In addition to my FLAS fellowship, I also received 4 other forms of research funding from various institutes and centers at the University of Michigan, such as the International Institute, the Weiser Center for Europe and Eurasia, Rackham Graduate School, CREES and the Slavic Dept. I am completely humbled, yet proud, to announce that I am FULLY FUNDED for my 3 months of work in Europe!! I received the most summer funding out of anyone in my cohort (but, I am also doing more work in comparison). My research project is entitled, “Folklore through Sculpture, Print and Song in Moravia and Slovakia,” and I will be working on small parts of it in Prague, with the majority being conducted at the Gallery and Master Class. I plan to dedicate a section of my thesis to this project; as of right now, my Master’s thesis will look at folklore representations during the Czech and Slovak national revivals.

So, I guess the big question is, did my reign as Queen influence my future scholarship and career? I would say “yes” and “no”. Before my coronation, I had planned on studying Russian and Czech history in graduate school, and making that my life’s work. I will say that my time as Queen heavily influenced my thesis topic, and preliminary research trips for it.

I wish I had been given some glimpse into just how drastically my life would change as the Iowa Queen before I was crowned. This opportunity was an important stepping stone on my life path; while I cannot compete again due to my age, I still stay very active in the Cedar Rapids Czech community and with the Miss Czech-Slovak Iowa Pageant. My intuition tells me that I have not yet ridden out all of the ripples that the Miss Czech-Slovak Organization created in my life, and it makes me excited about the future of our culture.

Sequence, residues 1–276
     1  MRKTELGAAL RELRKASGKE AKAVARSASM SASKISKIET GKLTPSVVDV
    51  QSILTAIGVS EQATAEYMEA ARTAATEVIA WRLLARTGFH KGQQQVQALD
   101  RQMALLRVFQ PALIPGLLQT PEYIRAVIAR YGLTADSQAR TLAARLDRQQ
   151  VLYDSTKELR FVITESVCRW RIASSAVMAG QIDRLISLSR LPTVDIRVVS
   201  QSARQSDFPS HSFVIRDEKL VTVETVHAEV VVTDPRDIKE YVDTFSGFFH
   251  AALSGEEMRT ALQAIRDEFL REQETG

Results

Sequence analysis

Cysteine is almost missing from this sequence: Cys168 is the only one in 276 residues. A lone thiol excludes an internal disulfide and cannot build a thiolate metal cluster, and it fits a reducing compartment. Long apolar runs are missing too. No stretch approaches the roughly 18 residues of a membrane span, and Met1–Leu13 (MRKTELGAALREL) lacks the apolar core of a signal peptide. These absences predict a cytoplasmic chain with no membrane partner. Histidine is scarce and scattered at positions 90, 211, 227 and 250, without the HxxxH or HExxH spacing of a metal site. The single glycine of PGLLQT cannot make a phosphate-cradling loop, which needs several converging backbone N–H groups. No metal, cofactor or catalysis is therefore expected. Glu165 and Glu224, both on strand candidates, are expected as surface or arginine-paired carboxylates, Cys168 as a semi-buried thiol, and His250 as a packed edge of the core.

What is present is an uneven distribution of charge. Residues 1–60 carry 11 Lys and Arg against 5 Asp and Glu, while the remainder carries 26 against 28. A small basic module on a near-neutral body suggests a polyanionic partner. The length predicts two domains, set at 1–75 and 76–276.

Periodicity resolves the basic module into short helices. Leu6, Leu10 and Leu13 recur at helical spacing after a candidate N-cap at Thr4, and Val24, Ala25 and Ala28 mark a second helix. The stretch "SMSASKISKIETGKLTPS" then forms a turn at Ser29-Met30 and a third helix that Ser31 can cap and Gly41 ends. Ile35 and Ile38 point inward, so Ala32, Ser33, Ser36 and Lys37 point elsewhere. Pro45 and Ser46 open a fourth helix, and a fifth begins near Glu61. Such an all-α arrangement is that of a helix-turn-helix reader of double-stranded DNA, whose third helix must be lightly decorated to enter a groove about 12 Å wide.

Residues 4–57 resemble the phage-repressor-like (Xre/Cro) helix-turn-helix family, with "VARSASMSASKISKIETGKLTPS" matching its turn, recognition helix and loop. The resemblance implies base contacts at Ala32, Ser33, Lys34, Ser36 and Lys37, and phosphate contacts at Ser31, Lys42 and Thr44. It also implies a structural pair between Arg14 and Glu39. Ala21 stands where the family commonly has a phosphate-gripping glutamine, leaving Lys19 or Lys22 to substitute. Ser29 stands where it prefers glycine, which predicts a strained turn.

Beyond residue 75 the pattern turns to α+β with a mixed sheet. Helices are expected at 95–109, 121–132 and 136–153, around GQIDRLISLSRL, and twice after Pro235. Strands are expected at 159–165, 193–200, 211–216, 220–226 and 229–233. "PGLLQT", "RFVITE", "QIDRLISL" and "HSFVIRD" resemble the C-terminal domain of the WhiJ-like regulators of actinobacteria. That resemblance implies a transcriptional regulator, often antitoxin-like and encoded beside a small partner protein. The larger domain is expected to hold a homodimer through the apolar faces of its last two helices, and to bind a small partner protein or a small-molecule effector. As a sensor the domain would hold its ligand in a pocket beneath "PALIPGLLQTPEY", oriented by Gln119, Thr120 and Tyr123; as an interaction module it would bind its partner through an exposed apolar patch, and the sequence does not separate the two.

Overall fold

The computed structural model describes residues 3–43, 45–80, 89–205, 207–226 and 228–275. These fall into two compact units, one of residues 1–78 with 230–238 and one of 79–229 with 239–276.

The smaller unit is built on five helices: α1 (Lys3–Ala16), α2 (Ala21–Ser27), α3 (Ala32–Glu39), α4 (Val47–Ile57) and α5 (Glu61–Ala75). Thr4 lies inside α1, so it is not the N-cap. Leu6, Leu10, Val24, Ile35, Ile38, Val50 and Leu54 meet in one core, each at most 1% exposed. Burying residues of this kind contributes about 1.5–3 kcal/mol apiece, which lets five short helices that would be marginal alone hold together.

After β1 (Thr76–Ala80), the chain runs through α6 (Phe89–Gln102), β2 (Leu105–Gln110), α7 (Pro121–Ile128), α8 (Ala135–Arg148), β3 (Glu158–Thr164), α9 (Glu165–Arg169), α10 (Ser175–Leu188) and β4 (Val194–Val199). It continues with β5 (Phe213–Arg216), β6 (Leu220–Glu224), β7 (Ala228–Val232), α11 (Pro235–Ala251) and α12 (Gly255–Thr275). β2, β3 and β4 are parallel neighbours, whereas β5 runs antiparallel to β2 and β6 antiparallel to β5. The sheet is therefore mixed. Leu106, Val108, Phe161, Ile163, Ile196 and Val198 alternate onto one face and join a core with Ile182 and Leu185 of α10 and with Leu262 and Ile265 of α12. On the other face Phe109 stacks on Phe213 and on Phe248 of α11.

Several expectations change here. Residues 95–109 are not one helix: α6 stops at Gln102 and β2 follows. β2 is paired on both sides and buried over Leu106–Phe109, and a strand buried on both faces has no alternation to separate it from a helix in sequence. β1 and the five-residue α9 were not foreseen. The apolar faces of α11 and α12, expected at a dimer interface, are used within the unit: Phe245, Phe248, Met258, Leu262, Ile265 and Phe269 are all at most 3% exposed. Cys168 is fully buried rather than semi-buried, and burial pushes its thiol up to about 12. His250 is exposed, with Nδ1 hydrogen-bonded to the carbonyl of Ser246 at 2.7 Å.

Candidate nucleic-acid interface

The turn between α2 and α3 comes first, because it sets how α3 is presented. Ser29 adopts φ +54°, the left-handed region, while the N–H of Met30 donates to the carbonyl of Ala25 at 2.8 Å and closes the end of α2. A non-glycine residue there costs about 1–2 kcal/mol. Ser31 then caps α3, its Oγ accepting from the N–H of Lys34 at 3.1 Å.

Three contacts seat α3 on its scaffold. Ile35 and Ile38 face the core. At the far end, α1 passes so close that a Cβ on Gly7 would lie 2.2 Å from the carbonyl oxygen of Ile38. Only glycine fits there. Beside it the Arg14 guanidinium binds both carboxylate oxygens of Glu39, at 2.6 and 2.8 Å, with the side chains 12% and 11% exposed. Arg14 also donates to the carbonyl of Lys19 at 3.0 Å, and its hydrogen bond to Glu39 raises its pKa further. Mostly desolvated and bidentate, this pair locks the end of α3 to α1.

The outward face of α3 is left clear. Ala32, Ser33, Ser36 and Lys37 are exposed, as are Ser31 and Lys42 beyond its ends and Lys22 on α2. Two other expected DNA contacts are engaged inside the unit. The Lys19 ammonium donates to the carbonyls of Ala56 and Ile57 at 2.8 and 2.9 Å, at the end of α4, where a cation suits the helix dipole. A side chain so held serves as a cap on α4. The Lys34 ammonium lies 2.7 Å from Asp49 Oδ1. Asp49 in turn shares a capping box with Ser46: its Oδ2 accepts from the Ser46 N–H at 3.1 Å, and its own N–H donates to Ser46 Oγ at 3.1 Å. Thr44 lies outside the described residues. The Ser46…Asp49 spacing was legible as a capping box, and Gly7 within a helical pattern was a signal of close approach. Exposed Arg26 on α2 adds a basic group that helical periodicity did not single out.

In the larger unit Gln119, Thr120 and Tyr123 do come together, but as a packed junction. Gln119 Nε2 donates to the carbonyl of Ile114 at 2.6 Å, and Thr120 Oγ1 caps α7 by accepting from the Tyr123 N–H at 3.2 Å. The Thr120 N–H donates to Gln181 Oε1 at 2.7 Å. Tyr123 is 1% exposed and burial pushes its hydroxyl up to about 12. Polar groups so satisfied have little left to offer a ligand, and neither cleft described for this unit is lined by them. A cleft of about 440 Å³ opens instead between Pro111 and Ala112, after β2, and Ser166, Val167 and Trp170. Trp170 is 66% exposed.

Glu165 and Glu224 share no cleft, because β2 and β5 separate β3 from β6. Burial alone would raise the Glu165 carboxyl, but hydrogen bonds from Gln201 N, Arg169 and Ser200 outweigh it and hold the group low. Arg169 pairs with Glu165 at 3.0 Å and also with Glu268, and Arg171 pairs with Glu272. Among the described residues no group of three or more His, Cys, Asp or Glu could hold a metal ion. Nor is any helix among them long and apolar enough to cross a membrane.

As always, if you have questions, comments, thoughts of any kind, please leave them below or on the facebook page! If you want to read either of the previous guest posts, you can meet Michaela here and Meagan here!

Choosing your Kroje and Success at Nationals

Meagan0I have another amazing post in store for you today as we continue week two of guest posts from the Czech community. Miss Meagan Kurmel is the current Miss Czech-Slovak US! She is from Omaha, Nebraska where she and her fiance are engineers and travel most weekends as ambassadors to the Czech and Slovak communities. In the following post, Meagan talks about how kroje impacted her journey to and success at Nationals. She also gives some fun tips to anyone looking to compete in the pageants. Here we go!